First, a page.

Sadly or luckily, we all change, and some people you once were close to may feel like strangers now. It’s no one’s fault – it’s just the way it is. Everyone follows their unique path in life, and sometimes your school friends, cousins and collegemates simply take a different road.
You may also have cut some people out of your life because they don’t bring anything positive into it. Anyone has had a toxic family member who was too much into gossip and drama or a needy friend who always asked for favors and disappeared when you needed one yourself. When you reach your 30s, it doesn’t make sense to keep such people in your life anymore.
You begin to appreciate the things that truly matter
It’s a sad fact that as we grow up, we lose the sense of wonder and the ability to feel impressed and surprised. It’s getting more and more difficult to enjoy yourself and life. And because of this, you begin to appreciate fulfilling experiences and heartwarming moments over material possessions.
You now value things like deep conversations, genuine connections, good books, meaningful lyrics and anything else that feeds your soul and mind in the first place. And as a matter of fact, these things are much more rare and difficult to find than all the stuff you could buy.
After all, those things that truly stay with us through the years are almost never material. Just think about it. What will you more likely remember 10 years from now: that crazy karaoke party with your best friends or buying a new mobile phone?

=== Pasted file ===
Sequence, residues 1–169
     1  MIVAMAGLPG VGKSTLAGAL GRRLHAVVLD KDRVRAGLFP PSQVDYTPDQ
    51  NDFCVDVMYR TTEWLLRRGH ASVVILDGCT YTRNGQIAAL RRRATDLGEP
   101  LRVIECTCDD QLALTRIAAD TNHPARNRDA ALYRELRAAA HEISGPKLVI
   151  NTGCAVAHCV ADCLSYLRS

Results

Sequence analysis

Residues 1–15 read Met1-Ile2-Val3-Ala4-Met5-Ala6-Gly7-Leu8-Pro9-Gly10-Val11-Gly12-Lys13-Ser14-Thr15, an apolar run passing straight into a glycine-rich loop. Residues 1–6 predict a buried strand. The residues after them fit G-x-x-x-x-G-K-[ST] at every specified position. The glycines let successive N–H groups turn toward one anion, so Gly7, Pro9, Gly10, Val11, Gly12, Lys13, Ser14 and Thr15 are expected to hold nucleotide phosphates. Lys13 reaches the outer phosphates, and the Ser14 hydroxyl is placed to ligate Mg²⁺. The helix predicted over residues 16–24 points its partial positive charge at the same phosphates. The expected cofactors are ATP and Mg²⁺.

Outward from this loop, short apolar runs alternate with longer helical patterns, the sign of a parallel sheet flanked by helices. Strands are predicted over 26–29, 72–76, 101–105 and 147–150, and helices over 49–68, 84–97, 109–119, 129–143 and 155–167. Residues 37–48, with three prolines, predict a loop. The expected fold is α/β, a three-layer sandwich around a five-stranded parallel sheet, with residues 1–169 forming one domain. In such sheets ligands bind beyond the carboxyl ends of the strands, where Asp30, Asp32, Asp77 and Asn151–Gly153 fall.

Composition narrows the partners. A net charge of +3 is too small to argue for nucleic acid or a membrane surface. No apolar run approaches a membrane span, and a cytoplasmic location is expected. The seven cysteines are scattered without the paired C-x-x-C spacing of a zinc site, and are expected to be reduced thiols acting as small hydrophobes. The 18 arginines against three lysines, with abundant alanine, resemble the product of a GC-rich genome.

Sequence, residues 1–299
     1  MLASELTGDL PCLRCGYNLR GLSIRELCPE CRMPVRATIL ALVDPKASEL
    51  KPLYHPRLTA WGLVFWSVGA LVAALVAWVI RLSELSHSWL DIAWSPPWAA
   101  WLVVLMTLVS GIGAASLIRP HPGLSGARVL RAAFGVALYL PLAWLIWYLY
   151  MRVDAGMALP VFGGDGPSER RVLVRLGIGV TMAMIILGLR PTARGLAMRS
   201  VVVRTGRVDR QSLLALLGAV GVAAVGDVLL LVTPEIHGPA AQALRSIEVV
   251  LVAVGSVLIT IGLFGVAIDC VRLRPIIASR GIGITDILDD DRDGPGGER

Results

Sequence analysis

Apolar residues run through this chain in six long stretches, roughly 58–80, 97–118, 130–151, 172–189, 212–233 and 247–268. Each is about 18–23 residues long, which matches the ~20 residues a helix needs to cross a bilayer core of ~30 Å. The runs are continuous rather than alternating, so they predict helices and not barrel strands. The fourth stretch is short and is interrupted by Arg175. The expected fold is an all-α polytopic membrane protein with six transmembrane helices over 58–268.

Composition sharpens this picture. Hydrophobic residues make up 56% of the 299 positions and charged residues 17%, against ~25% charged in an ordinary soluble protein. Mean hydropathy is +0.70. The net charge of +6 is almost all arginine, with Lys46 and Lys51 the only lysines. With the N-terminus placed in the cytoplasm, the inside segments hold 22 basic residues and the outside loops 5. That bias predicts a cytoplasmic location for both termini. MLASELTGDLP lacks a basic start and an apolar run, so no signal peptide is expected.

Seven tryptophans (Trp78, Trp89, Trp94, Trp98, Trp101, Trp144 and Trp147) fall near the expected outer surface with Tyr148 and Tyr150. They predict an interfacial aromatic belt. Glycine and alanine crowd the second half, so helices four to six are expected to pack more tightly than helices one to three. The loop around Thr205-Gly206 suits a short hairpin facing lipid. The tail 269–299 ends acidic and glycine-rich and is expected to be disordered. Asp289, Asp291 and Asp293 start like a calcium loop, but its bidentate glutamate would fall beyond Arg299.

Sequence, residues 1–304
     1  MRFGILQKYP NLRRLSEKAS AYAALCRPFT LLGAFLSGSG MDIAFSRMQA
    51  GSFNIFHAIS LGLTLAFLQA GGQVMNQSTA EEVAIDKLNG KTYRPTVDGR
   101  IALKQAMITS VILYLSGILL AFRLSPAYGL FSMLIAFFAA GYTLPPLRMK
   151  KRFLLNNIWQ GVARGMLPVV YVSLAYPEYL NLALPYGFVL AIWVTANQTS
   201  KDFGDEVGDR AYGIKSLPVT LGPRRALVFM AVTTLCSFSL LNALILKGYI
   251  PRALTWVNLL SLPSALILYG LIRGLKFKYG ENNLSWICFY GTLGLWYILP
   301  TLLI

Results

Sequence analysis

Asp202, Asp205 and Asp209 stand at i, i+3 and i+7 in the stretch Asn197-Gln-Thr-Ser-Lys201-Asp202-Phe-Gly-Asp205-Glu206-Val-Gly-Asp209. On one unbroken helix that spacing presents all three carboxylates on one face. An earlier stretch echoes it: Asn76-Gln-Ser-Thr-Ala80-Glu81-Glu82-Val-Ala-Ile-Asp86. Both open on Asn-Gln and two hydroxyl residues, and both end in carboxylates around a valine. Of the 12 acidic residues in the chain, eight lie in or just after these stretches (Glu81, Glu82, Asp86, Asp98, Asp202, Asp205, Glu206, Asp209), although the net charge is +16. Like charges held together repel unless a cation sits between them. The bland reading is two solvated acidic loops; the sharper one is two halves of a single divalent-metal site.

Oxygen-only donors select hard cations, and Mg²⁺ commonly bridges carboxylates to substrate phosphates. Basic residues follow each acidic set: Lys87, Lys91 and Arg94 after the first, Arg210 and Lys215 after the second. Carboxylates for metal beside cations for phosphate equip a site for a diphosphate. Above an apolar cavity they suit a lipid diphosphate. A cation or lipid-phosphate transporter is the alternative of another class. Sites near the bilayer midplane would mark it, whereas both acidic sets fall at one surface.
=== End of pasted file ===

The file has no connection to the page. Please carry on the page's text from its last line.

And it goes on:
You give up unrealistic expectations
The veil of naïve perceptions and unrealistic expectations that used to protect you from the brutal reality of life has fallen. It’s been a painful process, and you probably had to go through a few heartbreaks and a good number of disappointments to the moment you turn 30 years old. But it’s a natural and, most importantly, an absolutely necessary process of growing up.
It’s how you become stronger, smarter and more adjusted to possible challenges life may throw your way. This is how you grow and evolve as a person. After all, having fewer expectations and keeping them realistic means that you have fewer reasons to feel the pain of frustration and disappointment.
As you age, you realize that those around you are just trying to be happy and act according to their level of perception, which means that their actions and behaviors don’t always meet your expectations. It’s a liberating fact because it gives you more space for acceptance and less space for judgment. And as a result, you become a better and wiser person.
As you have seen from the above, turning 30 years old has many positive sides. As with everything in life, it’s all up to your perspective.
- The Power of the Right Timing No One Talks About - September 21, 2021
- 50 Autumn Quotes That Will Make You Fall in Love with This Season - September 7, 2021
- 14 Signs You Are an Independent Thinker Who Doesn’t Follow the Crowd - August 25, 2021
Copyright © 2012-2021 Learning Mind. All rights reserved. For permission to reprint, contact us.